The Earth’s largest phylum is Arthropoda, including centipedes, millipedes, crustaceans, and insects. Insects are the largest and most successful class of animals on Earth. This success, zoologists believe, is attributed from certain biological traits such as their small size or ability to fly for some (Postlethwait & Hopson, 2010). The exoskeleton of most insects supports them inside but also protects them from outside. John Meyer, professor at NCSU, explains as a “suit of armor”, the exoskeleton can resist both physical and chemical attack (2007). He also covers how their small size allows them to hide, flight allows them to escape, high fertility and high fecundity allows for a large reproductive potential, metamorphosis promotes survival, and their ability to adapt easily (2007). All these characteristics listed above amongst several others are the reason why insects are the most successful animals on earth. In many science fiction scenarios, post-apocalyptic Earth is mainly populated with giant insects.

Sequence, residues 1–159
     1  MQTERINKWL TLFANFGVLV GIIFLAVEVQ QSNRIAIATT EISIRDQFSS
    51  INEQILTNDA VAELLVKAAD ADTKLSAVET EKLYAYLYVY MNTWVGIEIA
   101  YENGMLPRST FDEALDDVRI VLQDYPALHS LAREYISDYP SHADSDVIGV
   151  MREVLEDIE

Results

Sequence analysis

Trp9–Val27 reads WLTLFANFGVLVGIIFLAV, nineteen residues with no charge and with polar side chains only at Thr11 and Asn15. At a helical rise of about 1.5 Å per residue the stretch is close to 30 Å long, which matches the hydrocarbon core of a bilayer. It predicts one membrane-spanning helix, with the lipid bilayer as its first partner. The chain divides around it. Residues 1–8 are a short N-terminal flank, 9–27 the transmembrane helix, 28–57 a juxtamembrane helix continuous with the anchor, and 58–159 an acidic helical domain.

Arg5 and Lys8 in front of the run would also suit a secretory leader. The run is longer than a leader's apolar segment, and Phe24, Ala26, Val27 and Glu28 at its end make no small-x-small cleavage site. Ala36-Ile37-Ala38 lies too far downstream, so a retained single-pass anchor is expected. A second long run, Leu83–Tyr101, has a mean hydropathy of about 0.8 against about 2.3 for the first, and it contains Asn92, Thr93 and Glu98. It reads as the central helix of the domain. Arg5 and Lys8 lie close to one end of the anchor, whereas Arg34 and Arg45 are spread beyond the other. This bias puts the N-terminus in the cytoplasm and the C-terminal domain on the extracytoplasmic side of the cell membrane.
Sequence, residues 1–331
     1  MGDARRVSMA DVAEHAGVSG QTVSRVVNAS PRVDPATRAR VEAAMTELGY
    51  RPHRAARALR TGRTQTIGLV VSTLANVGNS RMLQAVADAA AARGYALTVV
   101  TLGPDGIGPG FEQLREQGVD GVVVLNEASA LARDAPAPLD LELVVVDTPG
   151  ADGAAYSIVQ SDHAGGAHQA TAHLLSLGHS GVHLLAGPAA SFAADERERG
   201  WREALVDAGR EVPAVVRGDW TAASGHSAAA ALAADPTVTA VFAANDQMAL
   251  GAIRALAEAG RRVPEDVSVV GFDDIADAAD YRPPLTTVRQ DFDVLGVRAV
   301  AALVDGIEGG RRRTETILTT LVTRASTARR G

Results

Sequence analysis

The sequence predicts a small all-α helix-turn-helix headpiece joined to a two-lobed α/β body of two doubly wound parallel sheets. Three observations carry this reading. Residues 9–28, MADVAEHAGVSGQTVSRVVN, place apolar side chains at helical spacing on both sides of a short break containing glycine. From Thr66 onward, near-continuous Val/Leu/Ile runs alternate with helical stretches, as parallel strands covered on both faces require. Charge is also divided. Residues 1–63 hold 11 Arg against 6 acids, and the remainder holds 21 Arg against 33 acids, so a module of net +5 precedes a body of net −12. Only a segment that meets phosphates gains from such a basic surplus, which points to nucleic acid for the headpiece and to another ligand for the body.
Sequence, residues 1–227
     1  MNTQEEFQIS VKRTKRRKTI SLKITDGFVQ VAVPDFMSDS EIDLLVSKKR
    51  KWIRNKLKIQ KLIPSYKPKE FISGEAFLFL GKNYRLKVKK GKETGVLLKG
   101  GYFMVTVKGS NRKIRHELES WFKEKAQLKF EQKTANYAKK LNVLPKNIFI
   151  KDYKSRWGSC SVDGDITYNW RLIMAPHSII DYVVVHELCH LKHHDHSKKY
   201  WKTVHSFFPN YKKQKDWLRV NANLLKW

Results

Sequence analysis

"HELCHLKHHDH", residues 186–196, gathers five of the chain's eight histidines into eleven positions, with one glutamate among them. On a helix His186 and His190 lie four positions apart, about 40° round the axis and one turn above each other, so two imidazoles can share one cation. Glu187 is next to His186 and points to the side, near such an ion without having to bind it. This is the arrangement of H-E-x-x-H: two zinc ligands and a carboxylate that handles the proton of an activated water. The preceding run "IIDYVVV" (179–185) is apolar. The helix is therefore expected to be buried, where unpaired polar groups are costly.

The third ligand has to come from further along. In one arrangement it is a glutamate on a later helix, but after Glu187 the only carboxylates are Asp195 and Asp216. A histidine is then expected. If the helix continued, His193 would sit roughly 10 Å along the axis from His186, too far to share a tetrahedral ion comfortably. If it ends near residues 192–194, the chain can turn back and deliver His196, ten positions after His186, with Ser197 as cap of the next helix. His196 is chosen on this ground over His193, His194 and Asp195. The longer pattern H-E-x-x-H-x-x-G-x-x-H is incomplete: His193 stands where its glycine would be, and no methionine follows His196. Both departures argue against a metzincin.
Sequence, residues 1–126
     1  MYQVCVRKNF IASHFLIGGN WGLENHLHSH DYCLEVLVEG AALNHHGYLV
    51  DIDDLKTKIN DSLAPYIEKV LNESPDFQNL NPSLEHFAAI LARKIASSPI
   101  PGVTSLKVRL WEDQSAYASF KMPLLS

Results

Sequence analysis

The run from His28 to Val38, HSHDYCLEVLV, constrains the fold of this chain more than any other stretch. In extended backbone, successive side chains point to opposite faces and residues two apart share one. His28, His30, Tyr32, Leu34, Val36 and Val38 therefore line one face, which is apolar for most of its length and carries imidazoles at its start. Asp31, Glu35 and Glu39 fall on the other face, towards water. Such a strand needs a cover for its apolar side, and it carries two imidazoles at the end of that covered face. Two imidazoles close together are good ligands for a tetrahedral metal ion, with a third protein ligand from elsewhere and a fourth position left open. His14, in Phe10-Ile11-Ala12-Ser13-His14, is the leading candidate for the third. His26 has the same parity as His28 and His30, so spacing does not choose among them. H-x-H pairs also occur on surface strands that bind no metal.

There are many theories as to why giant ants and moths don’t rule the world. Janet Fang’s research found that it was a chemical balance in hormones that prevent growth. She stated “Two mechanisms determine how big an animal gets: One controls growth rate, the other controls growth duration. The first commands how fast an animal grows and depends on insulin and similar hormones that prompt cells to divide and multiply. The latter regulates the timing of maturation using developmental hormones (like androgens and estrogens in people).” (Fang, 2014) There is also the common sense characteristics that would prevent growth such as their limiting exoskeleton or the lack of lungs to breathe enough oxygen because their trachea would not be able to process enough for a larger body to survive.
Postlethwait, J., & Hopson, J. (2010). Life (Student ed., pp. 244-245). Belmont, CA: Cengage Learning. Meyer, J. (2007, January 21). Reasons for Success. Retrieved February 2, 2015, from http://www.cals.ncsu.edu/course/ent425/text01/success.html Fang, J. (2014, May 15). Why Monstrously Large Insects And Spiders Don’t Exist. Retrieved February 2, 2015, from